Part 1 (Jan 16 -Mar 13, 2021) includes artists Buzz Slutzky, Catalina Schliebener, Eric Rhein, Gwen Shockey, Kiyan Williams, Kristine Eudey, Max Colby, Michael Childress, Rodrigo Moreira, Vanessa Rondon.

Part 2 (April 11-May 25, 2021), includes artists Boris Torres, Caitlin Rose Sweet, Carrie Hawks, Christopher Nuñez, Desiree Almoradie, Eduardo Shlomo Velazquez, Frederick Weston, Jason Villegas, Lola Flash, Nash Glynn, Sal Muñoz, Seyi Odebanjo.

#LeslieLohmanMuseum #LeslieLohmanArtistFellowship

[Image: Catalina Schliebener (@catalina_schliebener), "Satanic Panic series, Monster Inc.(Sulley)", 2019, Porcelain figurine, articulated plastic figures, paper, light box, Variable sizes. Courtesy the artist.]

Through the simplest of lines and shapes, Bartlett gives us a quietly vibrating landscape, evoking the starkness and hus...
12/18/2020

Through the simplest of lines and shapes, Bartlett gives us a quietly vibrating landscape, evoking the starkness and hush of winter. Bartlett's titular house is nestled among grids: a row of thicket-like black lines, vertical, horizontal, and diagonal--and a square field below. Each line brims with individuality--some are straight, some gently waver, some meet and then diverge again.

The house itself--a box and a triangle--is a rudimentary icon, a motif that has appeared in Bartlett's work since the late 1970s. Subjecting it to endless analysis, repetition, and refiguring, Bartlett (like many others working in the context of second-wave feminism) deconstructs any fixed notions of domesticity and the meaning of "home." Even the painting's ground and support--yet another grid, made of steel plates--was inspired by road and subway signs, pointing to this symbol's endless deferment and lack of fixity.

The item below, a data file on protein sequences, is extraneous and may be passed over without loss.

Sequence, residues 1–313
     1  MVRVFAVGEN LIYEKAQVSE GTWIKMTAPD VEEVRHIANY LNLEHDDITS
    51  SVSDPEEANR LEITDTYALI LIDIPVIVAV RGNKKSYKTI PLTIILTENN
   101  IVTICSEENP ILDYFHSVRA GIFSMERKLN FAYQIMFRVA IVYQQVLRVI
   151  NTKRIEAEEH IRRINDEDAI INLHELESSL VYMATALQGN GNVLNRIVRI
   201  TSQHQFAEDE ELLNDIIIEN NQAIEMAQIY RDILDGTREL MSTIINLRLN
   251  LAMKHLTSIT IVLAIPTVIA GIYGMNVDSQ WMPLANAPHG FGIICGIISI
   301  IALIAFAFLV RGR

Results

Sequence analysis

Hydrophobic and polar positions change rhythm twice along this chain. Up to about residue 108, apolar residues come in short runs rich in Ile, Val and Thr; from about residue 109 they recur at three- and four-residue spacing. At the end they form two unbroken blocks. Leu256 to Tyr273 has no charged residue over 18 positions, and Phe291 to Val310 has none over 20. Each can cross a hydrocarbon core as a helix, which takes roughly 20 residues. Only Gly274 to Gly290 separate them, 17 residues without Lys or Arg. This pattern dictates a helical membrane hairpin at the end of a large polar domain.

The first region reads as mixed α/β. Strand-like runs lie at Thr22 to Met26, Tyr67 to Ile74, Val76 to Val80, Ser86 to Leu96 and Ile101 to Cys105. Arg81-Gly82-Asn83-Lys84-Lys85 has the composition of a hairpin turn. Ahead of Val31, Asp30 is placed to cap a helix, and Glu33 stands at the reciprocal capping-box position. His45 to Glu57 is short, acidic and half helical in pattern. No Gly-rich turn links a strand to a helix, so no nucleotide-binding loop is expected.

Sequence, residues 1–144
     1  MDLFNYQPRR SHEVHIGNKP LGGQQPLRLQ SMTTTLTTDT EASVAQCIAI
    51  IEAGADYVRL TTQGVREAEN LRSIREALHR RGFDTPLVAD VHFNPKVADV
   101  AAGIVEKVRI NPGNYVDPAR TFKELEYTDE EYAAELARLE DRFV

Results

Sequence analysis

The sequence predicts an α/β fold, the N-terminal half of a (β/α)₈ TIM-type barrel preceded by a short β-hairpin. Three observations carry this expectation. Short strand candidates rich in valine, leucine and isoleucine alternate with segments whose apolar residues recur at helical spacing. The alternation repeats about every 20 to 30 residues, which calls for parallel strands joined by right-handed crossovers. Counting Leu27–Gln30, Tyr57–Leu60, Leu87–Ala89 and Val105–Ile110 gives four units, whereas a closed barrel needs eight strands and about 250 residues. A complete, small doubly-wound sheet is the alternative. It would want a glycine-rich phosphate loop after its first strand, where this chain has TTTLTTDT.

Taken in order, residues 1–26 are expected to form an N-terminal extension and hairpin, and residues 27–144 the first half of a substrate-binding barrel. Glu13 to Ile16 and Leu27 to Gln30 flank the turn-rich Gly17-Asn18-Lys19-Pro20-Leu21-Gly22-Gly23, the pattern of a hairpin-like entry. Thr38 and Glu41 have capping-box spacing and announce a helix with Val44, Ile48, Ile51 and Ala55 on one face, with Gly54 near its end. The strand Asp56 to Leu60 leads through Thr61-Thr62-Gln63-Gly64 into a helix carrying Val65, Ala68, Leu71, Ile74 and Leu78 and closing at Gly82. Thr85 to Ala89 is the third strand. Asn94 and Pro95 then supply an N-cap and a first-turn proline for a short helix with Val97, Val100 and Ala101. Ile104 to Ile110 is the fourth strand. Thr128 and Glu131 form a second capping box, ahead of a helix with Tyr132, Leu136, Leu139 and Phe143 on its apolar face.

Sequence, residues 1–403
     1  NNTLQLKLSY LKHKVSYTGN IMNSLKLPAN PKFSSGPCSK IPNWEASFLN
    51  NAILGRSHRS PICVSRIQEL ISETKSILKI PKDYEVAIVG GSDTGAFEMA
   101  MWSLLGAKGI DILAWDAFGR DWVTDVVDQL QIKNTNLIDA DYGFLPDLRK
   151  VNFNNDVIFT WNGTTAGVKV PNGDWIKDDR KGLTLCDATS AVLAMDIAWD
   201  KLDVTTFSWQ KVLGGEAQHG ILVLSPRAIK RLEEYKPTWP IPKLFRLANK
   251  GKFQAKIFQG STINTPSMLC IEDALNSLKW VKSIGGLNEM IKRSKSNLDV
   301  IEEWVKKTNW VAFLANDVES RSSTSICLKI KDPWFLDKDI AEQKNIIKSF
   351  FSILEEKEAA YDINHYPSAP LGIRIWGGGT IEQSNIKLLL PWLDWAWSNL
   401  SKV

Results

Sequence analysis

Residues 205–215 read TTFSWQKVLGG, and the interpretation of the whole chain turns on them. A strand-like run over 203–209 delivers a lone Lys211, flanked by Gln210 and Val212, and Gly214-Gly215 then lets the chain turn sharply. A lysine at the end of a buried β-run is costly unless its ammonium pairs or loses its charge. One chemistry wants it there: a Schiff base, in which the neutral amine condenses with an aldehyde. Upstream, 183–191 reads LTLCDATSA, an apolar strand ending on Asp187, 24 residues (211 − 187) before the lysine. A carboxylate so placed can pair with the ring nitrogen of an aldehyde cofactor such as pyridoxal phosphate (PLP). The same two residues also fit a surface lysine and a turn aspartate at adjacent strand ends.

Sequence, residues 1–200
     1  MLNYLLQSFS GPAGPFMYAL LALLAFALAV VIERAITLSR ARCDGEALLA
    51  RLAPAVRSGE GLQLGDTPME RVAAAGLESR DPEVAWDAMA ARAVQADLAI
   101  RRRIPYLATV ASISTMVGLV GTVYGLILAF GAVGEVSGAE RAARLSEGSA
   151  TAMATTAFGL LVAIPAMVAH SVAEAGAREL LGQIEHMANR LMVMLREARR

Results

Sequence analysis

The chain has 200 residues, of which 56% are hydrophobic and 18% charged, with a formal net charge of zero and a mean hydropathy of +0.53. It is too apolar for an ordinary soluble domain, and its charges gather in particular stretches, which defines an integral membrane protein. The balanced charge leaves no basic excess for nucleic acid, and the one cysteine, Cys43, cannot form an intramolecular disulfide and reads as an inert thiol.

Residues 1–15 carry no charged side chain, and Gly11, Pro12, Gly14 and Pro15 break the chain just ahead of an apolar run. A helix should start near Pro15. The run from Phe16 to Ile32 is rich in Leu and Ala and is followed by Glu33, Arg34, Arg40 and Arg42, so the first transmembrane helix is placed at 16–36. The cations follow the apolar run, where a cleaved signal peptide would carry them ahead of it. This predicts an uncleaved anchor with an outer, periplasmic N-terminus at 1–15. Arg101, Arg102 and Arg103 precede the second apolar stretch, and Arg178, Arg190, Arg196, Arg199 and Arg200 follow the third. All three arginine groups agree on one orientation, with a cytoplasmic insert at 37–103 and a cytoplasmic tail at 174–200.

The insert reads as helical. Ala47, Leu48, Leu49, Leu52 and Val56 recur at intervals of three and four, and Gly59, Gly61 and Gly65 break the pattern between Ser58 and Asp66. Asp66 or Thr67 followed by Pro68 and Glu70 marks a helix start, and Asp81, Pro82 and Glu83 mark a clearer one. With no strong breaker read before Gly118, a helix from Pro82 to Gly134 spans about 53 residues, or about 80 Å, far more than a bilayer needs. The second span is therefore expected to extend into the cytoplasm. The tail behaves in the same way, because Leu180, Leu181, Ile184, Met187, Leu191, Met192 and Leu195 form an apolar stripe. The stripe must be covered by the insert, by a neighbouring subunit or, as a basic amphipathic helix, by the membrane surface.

For many, queerness comes with a complicated relationship to the idea of home, especially at this time of year. This piece came into LLM's holdings through the collection of the late artist Tony Feher (1956-2016) whose predilection for repetition and what Wayne Kostenbaum called "kinky rigor" found an affinity with Bartlett's compositions--and perhaps, with her subtle troubling of "home."

#LeslieLohmanMuseum

[Image: Jennifer Bartlett, "House (Christmas)", 2002, Heated enamel on steel plate. Gift of the Estate of Tony Feher.]

Exhibition Alert! We are thrilled to reopen the Museum's doors on February 6, 2021 with "Laura Aguilar: Show and Tell". ...
12/17/2020

Exhibition Alert! We are thrilled to reopen the Museum's doors on February 6, 2021 with "Laura Aguilar: Show and Tell". The exhibition is the first comprehensive retrospective of photographer Laura Aguilar (1959-2018), assembling over 70 works produced over three decades. Through photographs and videos that are frequently political as well as personal, and which traverse performative, feminist, and queer art genres, Aguilar offers candid portrayals of herself, her friends and family, and LGBT and Latinx communities. Aguilar’s now iconic triptych, “Three Eagles Flying” (1990), set the stage for her future work by using her nude body as an overt and courageous rebellion against the colonization of Latinx identities — racial, gendered, cultural, and sexual. Her practice intuitively evolved over time as she struggled to negotiate and navigate her ethnicity and sexuality, her challenges with depression and auditory dyslexia, and the acceptance of her large body. This exhibition tells the story of the artist who for most of her life struggled to communicate with words, yet ironically emerged as a powerful voice for numerous and diverse marginalized groups.